10 December 2004
A lack of legislation together with inhibiting tax procedures are causing historic buildings to fall into dangerous states of disrepair, according to a report from pressure group Maintain our Heritage. Putting it Off: How Lack of Maintenance Fails our Heritage argues that current legislation does not encourage maintenance, even in the historic building sector where the philosophy of maintenance as the best means of conservation is widely accepted. The report argues that owners are not encouraged to maintain historic buildings. VAT is imposed on maintenance and repair but not on alterations and new build. These anomalies must be removed, said Richard Pollard, the organisation's chairman.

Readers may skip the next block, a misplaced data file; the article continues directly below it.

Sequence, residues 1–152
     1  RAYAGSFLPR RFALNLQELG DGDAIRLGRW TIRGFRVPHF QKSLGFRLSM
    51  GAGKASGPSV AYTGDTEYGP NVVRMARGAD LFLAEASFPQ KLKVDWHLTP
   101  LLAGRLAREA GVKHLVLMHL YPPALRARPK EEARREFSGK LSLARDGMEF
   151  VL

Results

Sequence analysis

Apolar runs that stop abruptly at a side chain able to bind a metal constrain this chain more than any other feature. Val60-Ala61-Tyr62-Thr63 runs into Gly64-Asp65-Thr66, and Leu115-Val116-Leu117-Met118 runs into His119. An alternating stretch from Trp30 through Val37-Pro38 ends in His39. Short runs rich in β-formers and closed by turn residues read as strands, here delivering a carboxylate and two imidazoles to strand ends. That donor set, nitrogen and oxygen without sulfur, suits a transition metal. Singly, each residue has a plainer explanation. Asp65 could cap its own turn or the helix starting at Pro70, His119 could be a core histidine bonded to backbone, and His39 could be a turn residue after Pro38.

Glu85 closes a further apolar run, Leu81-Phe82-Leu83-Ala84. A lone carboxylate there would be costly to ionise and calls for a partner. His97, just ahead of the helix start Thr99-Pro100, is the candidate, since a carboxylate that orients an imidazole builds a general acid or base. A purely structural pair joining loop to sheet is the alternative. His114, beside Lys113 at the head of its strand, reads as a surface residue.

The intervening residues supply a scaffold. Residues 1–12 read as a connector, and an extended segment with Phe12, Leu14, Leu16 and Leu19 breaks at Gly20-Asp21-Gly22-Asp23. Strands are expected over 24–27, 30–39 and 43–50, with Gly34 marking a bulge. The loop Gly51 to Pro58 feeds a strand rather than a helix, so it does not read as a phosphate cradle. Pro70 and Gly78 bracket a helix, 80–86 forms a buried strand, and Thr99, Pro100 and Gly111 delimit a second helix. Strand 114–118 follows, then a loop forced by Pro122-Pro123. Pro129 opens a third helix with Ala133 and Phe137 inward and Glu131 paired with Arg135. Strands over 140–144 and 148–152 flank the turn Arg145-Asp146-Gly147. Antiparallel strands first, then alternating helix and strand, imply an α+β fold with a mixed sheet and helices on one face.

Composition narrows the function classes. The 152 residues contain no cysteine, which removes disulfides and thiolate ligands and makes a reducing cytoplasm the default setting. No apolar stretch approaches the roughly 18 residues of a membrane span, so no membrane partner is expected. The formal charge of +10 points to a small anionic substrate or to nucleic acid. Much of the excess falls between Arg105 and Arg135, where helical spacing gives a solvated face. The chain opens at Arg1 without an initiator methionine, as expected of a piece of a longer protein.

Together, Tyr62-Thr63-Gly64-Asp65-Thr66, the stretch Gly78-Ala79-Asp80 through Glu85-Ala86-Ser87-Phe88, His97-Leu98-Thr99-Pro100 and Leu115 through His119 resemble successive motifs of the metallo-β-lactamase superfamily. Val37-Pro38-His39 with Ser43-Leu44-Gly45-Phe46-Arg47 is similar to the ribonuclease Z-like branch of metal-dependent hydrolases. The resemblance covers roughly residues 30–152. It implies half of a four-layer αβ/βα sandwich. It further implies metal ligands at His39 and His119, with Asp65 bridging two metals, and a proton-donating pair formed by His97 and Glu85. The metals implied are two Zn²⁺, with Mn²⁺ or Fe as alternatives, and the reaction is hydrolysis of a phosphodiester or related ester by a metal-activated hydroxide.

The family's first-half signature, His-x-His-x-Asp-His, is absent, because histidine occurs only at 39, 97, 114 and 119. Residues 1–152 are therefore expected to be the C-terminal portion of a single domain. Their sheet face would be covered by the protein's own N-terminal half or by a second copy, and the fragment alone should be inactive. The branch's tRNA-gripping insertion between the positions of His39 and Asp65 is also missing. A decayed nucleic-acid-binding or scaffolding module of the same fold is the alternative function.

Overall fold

He used the example of Great Clacton Church in Essex (pictured right) which had to be partially rebuilt after a blocked hopperhead and rainwater pipe caused part of the tower to collapse to call on the government to help owners make maintenance simpler to manage, in terms of insurance, health and safety and access.
Maintain our Heritage urged the government to promote a UK-wide debate on integrating maintenance into conservation policy, leading to a UK strategy for maintenance. "The government should introduce a statutory duty of care to enable local authorities to introduce a minimum maintenance code to require owners to maintain listed buildings. To balance this, owners should be entitled to financial incentives and advisory and technical support," added Pollard.
The BIFM was among a list of partners which supported the research. The report can be downloaded from: